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What Is ‘The Vibration’

What is ‘the vibration’? One way to answer this rather cryptic question is to say that what we are calling ‘the vibration’ is the inevitable result of the use of psychological aggression.



When we are aggressive we strike out at our own projections (either this, or we try to grab them and pull them towards us). There’s no other way aggression can work – either we’re striking out at some object in our conceptual reality or we’re trying to hook it in, and seize hold of it.



This is all that’s needed to set up the vibration, therefore. As soon as we see that aggression can only ever occur in relation to our own concepts, our own mental projections, we can understand how it is that the vibration is going to be set up. What else would we imagine could be the result of us ‘interacting’ with our own projections?



The word ‘interaction’, when used in this context – is of course entirely misleading. There can be no interaction between a thing and itself. There can be no interaction between me and my own projections! Interaction (the genuine rather than the tautological sort, that is) always result in change. This is what interaction is all about – it’s all about encountering the unknown and then changing as a result. It’s all about reaching out beyond ourselves and the confines of our conceptual knowledge, and this is precisely what doesn’t happen when we ‘interact’ with our own projections.



When we reach out beyond ourselves and encounter the unknown then change always going to happen as a result.  It can’t not happen. We don’t even need to try to prove why this should be so – we can all see why this should be so straightaway! To touch the unknown is to be changed by the encounter. By the same token therefore, when it is ourselves (or our own constructs) we are interacting with (or relating to) then the one thing we can be sure of is that there won’t be any change. When there is no reaching out beyond what we already know (or think we already know) then nothing changes – how could it?



And yet even though nothing changes (as we have just made a big point of saying) it isn’t sufficient just to say this. It isn’t sufficient just to say this because – on the one hand – we do perceive ourselves to be interacting one way or another with the outside world, and – on the other hand – we do also perceive changes that take place as a result! This can best be illustrated by the example of playing a simple game such as flipping a coin or throwing the dice to see what the result is going to be, whether it’s going to be good or bad, whether we’re going to win or lose. When we do this there is no way that we are ‘reaching out beyond ourselves’, since both ‘good’ and ‘bad’, ‘win’ and ‘lose’ our own categories.



When we are playing a game all we care about our own categories, all we care about is whether we win or lose (obviously enough) and so there’s no interaction with the world going on, and yet – despite this – as far as we concerned there’s a very big difference between the one outcome and the other. As far as we’re concerned, to win at the game we are playing at represents the biggest ‘change’ in our circumstances that we could possibly imagine (which is of course why we get so very excited about it) and yet – actually – no change at all has taken place. No change ever takes place within the realm of the known – as Krishnamurti says, ‘the movement between one known and another is not a movement’!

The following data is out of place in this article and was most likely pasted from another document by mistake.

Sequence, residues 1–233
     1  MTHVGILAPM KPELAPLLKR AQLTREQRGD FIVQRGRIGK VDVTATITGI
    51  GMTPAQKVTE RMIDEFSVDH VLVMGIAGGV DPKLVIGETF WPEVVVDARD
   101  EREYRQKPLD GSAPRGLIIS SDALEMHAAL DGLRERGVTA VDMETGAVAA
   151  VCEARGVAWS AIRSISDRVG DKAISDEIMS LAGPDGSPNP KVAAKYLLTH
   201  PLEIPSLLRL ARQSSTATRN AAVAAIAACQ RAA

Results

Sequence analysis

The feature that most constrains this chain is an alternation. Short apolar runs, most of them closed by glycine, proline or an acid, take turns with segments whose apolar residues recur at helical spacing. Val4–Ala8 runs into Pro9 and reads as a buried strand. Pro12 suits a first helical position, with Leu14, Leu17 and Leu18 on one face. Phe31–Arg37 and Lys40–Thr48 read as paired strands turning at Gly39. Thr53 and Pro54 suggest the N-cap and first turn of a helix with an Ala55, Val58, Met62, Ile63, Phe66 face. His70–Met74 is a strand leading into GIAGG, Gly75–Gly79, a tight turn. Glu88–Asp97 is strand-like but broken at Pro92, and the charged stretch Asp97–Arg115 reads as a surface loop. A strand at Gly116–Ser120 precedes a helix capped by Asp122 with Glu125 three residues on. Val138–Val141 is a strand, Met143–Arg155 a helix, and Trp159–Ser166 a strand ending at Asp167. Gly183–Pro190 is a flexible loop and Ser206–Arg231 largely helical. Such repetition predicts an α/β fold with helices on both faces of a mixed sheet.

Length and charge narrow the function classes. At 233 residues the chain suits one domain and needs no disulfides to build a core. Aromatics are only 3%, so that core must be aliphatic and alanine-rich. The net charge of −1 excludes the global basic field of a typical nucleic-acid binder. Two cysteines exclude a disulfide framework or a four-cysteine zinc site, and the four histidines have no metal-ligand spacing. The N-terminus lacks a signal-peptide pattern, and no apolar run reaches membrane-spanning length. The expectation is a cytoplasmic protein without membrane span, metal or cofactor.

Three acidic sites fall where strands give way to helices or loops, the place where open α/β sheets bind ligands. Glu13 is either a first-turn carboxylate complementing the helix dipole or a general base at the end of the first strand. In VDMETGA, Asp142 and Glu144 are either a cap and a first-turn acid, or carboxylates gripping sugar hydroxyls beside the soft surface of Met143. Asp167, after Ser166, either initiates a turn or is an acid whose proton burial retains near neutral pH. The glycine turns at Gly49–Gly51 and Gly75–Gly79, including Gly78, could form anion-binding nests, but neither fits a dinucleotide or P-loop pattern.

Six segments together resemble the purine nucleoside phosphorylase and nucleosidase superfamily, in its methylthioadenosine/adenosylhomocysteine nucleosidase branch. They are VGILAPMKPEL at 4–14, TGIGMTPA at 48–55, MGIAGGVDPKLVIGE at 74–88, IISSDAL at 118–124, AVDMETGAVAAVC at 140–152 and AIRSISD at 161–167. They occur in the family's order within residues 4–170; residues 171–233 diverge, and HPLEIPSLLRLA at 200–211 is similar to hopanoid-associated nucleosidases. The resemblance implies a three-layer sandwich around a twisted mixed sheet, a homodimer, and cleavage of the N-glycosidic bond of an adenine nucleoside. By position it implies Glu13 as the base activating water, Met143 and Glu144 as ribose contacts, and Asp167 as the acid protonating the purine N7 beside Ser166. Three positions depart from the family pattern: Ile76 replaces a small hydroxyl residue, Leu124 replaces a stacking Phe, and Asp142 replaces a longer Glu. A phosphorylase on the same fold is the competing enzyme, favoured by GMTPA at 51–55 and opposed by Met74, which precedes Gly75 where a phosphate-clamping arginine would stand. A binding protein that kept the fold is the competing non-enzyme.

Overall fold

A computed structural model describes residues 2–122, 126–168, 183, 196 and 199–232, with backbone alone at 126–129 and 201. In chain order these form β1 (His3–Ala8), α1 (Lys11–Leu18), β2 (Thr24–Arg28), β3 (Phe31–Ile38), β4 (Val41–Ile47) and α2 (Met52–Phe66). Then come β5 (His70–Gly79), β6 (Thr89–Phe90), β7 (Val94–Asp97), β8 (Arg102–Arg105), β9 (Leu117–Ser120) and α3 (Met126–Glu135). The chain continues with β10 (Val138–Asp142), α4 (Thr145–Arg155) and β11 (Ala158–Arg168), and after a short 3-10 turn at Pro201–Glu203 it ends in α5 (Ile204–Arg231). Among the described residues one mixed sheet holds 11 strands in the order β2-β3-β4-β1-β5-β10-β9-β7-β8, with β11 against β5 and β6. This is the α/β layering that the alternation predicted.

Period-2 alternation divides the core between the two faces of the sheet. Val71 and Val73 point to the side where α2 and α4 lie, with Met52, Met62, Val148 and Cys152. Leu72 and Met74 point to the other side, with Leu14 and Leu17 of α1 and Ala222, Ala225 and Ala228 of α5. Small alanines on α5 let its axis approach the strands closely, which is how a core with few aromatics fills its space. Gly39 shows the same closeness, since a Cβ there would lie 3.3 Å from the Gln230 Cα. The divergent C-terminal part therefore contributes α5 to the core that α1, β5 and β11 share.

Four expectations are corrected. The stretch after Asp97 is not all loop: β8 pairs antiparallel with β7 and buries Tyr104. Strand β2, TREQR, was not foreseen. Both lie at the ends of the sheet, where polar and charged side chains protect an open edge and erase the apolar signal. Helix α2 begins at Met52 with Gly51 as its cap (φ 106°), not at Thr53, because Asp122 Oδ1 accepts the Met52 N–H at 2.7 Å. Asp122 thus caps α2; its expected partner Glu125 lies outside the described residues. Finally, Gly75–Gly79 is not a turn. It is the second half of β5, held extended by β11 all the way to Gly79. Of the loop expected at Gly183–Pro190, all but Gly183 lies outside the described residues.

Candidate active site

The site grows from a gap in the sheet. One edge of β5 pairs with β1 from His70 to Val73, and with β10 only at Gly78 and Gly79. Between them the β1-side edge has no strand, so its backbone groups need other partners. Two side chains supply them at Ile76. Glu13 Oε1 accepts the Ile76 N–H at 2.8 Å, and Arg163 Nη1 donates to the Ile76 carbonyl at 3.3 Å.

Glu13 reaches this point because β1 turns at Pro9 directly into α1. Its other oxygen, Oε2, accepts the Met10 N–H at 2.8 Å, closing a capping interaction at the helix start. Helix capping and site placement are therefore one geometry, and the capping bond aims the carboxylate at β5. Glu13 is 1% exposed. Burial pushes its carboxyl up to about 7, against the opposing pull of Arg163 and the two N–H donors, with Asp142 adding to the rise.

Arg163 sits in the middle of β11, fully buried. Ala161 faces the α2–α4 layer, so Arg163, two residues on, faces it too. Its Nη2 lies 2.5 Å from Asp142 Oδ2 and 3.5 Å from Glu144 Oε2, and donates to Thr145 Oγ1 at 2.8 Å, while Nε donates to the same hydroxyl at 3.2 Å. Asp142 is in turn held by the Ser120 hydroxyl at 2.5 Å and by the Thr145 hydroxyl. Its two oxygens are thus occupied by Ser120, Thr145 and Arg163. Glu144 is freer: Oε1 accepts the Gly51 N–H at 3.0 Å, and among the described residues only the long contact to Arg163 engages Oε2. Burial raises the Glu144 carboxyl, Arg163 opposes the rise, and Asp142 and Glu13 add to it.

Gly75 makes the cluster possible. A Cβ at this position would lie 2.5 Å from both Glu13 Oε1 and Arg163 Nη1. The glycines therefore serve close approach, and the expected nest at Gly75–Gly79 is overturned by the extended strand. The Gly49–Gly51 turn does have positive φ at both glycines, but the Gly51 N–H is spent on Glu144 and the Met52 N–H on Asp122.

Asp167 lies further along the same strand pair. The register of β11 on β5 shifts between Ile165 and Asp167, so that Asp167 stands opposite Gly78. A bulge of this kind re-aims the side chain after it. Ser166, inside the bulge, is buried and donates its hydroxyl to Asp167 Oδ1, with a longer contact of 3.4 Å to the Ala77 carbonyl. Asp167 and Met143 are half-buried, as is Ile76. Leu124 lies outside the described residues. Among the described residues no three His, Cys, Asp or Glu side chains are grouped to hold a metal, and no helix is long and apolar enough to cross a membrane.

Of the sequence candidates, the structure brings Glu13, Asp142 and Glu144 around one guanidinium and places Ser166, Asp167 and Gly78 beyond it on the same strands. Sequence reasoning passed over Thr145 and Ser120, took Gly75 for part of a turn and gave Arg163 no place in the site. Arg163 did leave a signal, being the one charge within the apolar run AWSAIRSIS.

When we are playing a game then there are two very big so-called ‘changes’ in our situation that can take place – one changes is where we succeed and the other change is where we fail! When we are playing a game the difference between the one outcome the other is the biggest difference they could ever be (it is at any rate the only ‘difference’ we care about, as we have said) but at the same time there is no real difference here at all. The thing about a game is that nothing that happens in it ever makes any real difference. The thing about the game – a thing that makes it into a game – is that no real changes ever take place in it. All the so-called ‘changes’ are of course entirely virtual, entirely nominal.



This situation is a peculiar one therefore because even though no change has taken place (it can’t take place because there is never any genuine ‘reaching out’ to the outside world taking place in a game) we believe and act as if there are – potentially – very big change that can go on, and all our ‘well-being’ (or ‘regard for ourselves’) is tied up with this supposed change. Subjectively, there is change (or the possibility of change) going on whilst objectively there is nothing going on and – furthermore – they never could be anything going on since there is no actual interaction taking place.



There is only one thing we need to understand to explain what is going on to create the apparent change that takes place in a game and that is the idea of ‘oscillating displacement’. This is of course a very familiar idea – it’s not some kind of arcane or exotic phenomenon that we are referring to here! We can think of the skin of a drum when it is hit by the drumstick: there are two factors in this situation – one being the tightness (or tension) in the skin of the drama, and the other being the force imparted by the drumstick. You don’t have to have a Masters in physics to know what happens as a result of these two factors – we set up a vibration, we set up an ‘oscillating displacement’ in the membrane which is the drum-skin.